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I'm looking for an algorithm (or better yet, code!) for a the generation of powers, specifically numbers with an odd exponent greater than 1: third powers, fifth powers, seventh powers, and so forth. My desired output is then

8, 27, 32, 125, 128, 216, 243, 343, 512, 1000

and so forth up to a specified limit.

I don't want to store the powers in a list and sort them, because I'm making too many to fit in memory -- hopefully the limit be 1030 or so, corresponding to a memory requirement of ≈ 1 TB.

My basic idea is to have an array holding the current number (starting at 2) for each exponent, starting with 3 and going up to the binary log of the limit. At each step I loop through the exponent array, finding the one which yields the smallest power (finding either pow(base, exponent) or more likely exponent * log(base), probably memoizing these values). At that point call the 'output' function, which will actually do calculations with the number but of course you don't need to worry about that.

Of course because of the range of the numbers involved, bignums must be used -- built into the language, in a library, or self-rolled. Relevant code or code snippets would be appreciated: I feel that this task is similar to some classic problems (e.g., Hamming's problem of generating numbers that are of the form 2x3y5z) and can be solved efficiently. I'm fairly language-agnostic here: all I'll need for my 'output' function are arrays, subtraction, bignum-word comparison, and a bignum integer square root function.

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1  
Have you considered a lazy language like Haskell to generate infinite sequences? –  deceze Jan 27 '11 at 6:12
    
@deceze: Sure, that was my first thought. I don't know, practically speaking, how that would compare in terms of efficiency which is very important to me. I might well spend 10^15 cycles on this... –  Charles Jan 27 '11 at 14:41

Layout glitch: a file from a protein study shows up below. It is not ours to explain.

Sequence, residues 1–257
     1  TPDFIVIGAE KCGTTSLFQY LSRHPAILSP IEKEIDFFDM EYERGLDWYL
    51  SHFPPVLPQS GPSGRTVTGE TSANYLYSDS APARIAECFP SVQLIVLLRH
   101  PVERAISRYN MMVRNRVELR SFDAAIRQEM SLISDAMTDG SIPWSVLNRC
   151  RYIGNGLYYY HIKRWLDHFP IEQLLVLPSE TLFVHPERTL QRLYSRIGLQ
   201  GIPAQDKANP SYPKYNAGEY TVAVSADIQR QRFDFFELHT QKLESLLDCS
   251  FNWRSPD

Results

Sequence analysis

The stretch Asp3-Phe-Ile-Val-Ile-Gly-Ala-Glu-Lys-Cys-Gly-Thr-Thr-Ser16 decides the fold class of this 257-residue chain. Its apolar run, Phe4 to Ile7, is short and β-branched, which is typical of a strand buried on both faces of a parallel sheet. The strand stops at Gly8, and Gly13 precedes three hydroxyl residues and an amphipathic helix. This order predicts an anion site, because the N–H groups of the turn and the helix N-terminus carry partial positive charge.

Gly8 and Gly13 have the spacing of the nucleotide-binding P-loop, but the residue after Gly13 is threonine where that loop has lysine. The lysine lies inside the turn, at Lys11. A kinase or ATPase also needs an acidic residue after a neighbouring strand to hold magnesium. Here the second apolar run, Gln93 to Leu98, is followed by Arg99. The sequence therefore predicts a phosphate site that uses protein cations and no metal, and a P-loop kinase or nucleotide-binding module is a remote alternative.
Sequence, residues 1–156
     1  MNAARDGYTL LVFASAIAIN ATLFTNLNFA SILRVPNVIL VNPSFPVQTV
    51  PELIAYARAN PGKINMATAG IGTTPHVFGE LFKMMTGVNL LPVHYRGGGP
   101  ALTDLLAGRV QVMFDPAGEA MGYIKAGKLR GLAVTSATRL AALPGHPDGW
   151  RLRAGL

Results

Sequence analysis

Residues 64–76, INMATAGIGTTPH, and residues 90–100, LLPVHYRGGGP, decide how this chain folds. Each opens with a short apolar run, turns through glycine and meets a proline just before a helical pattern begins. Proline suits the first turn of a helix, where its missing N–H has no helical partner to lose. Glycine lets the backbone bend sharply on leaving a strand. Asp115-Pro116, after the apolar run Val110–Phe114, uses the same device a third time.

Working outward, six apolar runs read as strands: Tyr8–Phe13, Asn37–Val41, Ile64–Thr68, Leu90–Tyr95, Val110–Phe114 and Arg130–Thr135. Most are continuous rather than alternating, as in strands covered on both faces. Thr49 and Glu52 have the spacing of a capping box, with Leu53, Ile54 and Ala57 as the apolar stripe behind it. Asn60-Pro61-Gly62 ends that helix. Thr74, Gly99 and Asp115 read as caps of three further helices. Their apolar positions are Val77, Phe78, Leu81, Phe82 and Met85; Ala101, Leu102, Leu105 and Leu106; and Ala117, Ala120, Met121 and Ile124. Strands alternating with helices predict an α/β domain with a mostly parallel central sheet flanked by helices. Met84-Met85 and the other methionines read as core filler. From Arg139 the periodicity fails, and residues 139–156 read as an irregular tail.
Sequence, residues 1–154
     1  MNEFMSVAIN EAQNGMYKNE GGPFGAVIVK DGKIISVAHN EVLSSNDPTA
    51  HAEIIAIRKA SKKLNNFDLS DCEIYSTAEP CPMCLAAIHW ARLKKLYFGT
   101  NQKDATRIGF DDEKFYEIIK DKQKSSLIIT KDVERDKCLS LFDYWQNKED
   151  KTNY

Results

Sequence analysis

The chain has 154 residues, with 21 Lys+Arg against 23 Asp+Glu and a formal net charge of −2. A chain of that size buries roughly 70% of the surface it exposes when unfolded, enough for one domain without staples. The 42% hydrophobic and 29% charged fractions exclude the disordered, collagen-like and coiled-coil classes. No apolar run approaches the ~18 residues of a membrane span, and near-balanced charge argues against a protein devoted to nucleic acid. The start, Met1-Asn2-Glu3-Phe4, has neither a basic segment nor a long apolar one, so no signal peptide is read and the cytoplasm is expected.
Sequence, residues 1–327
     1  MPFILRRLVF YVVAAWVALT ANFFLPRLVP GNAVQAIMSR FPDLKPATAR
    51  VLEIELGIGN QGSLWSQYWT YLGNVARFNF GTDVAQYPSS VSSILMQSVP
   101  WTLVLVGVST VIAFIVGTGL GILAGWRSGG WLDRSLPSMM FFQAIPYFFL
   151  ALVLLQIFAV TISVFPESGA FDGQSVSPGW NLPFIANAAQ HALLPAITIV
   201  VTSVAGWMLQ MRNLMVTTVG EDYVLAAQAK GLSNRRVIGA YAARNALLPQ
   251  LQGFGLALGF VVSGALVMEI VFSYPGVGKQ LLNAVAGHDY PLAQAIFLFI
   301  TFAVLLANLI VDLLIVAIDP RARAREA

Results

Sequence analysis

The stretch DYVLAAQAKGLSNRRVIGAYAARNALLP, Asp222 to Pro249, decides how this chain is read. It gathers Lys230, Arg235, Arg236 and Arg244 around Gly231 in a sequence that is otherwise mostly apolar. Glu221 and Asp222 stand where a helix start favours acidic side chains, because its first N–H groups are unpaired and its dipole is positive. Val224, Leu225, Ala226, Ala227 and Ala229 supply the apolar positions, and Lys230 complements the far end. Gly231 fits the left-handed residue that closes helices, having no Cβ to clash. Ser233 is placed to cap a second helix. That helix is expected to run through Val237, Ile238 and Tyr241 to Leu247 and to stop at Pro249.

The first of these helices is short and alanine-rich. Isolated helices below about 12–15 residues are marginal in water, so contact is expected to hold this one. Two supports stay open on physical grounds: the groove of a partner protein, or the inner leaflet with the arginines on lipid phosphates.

3 Answers 3

up vote 3 down vote accepted

Your example is missing 64=4^3, and 729=9^3.

You want the set of all { n^m } traversed in numerical order, m odd, n integral and n > 1. We know that (for n > 1) that increasing either n or m will increase this value, but short of calculation we can't compare much else.

There are two obvious "dual" ways to do this: keep track of the highest base n you consider, and for all bases less than that, the next exponent m to consider. Then pick the smallest one, and compare it to n^3. Or, the other way around -- keep track of the highest exponent m, and for each exponent smaller than that, keep track of the highest base used, and find the smallest one, and compare it to adding 2^m.

To make keeping track of these numbers efficiently, you'll want to keep them in a priority queue. Now, you still want to minimize the number of entries in the priority queue at a time, so we'll want to figure out which of these two methods does better job of this. It turns out that much higher n values are required to make it to a given point. At number k, the largest value of m seen will be log_2 of k, whereas the largest value of n seen will be k^(1/3).

So, we have a priority queue with elements (v, n, m), where the value v=n^m.

add_priority_queue(2^3, 2, 3)
for m in 5, 7, ....
    v = 2^m
    while value(peek(queue)) <= v:
        (v1, n1, m1) = pop(queue)
        if v1 != v print v1
        add_priority_queue((n1+1)^m1, n1+1, m1)
    add_priority_queue(2^m, 2, m)

Note that we need to check for v1 = v: we can have 2^9 = 512 = 8^3, and only one should be printed out, right?

A Haskell implementation, with a random priority queue grabbed off of hackage.

import Data.MeldableHeap

dropMin q = maybe empty snd (extractMin q)